This week on the InTransition Podcast, David Pembroke talks to a ‘legend of the communications business’ Angela Sinickas.
It’s nearly impossible to quantify the ROI of an entire communication program for an entire business strategy in a way that makes sense to executives. You’ll need to pick one particular business initiative that supports one business strategy.
Too often speeches are measured with satisfaction survey questions; instead, we should focus on improvements in knowledge, attitudes and behaviors that are changed by hearing the speech.
Most of the measures of speeches or the meetings in which they are presented focus on audience satisfaction with various elements of the event: the length of the speech, the presenter’s delivery, the amount of Q&A, the temperature of the room. While it’s nice to have a happy audience, it’s more useful to know if the speech made an impact on the audience.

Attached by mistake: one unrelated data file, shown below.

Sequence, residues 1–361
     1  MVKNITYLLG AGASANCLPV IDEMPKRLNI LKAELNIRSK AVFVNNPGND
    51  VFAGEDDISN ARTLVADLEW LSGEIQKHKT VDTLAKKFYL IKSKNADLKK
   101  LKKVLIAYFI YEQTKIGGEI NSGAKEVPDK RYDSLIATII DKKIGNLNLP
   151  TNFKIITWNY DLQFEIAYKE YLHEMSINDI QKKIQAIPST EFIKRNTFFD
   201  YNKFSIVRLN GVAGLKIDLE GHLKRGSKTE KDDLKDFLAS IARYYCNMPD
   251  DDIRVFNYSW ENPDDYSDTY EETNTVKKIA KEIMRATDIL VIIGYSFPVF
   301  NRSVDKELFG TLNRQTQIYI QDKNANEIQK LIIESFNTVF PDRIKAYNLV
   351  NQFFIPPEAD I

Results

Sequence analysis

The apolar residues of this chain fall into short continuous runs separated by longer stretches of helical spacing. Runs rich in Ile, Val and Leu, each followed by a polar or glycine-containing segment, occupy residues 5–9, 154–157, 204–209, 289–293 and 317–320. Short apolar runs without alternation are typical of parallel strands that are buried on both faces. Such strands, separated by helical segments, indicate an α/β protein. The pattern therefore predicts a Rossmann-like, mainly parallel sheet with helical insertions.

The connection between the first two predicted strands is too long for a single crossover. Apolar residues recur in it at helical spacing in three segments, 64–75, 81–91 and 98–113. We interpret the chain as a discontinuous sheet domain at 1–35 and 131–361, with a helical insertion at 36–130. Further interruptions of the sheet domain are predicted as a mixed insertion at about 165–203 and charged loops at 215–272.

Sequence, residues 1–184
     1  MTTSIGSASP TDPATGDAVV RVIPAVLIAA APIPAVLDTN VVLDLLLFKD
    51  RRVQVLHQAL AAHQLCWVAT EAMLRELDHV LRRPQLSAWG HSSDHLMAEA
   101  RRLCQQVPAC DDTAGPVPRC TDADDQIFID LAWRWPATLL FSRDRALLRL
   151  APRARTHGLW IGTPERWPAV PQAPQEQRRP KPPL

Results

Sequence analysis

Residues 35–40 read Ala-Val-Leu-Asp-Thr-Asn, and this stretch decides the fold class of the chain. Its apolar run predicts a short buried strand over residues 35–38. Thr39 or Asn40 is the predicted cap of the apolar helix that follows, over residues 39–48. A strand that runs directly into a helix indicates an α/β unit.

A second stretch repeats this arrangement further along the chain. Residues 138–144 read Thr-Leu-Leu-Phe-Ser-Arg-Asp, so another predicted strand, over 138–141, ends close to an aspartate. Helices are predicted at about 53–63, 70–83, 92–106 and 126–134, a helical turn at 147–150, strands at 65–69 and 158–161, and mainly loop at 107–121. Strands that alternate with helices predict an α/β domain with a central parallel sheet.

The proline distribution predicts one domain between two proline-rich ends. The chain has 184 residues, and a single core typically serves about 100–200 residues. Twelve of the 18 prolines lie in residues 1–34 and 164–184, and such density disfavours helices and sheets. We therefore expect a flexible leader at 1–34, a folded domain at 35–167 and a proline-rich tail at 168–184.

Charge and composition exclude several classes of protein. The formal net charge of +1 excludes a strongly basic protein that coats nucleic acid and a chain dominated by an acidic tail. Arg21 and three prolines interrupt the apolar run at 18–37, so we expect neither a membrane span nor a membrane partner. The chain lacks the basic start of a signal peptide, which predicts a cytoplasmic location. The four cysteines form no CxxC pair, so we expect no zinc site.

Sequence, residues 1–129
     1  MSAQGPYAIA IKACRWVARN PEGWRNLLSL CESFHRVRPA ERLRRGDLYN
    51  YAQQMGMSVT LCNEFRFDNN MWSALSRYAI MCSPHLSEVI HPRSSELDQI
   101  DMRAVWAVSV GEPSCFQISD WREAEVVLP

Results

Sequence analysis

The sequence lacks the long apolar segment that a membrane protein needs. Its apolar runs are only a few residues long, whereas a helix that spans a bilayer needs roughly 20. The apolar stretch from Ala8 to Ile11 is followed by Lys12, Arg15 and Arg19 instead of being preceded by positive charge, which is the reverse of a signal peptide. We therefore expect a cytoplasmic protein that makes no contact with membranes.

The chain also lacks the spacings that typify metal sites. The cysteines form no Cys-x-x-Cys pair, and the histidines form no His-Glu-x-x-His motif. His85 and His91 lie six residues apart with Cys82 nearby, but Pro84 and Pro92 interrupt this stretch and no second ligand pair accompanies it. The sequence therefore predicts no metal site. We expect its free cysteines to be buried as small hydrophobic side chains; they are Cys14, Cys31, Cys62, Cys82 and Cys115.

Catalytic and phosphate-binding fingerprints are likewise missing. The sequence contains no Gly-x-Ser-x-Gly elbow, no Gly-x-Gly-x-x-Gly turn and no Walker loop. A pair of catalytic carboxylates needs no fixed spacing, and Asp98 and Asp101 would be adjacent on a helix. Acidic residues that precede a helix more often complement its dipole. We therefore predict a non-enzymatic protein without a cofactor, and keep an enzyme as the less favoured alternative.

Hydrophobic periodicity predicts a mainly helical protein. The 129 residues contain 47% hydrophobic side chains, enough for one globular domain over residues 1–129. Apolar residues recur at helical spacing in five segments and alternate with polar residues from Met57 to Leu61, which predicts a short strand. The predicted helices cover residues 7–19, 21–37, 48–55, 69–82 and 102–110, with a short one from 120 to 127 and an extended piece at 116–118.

When most communicators think of measurement, they picture a survey. No question that surveys are great, but in this frenetic, needed-it-last-week business environment, no one has time to develop and launch a traditional survey, let alone wait for the results to roll in.
10 steps to connect your communication work with changes in your audience’s actions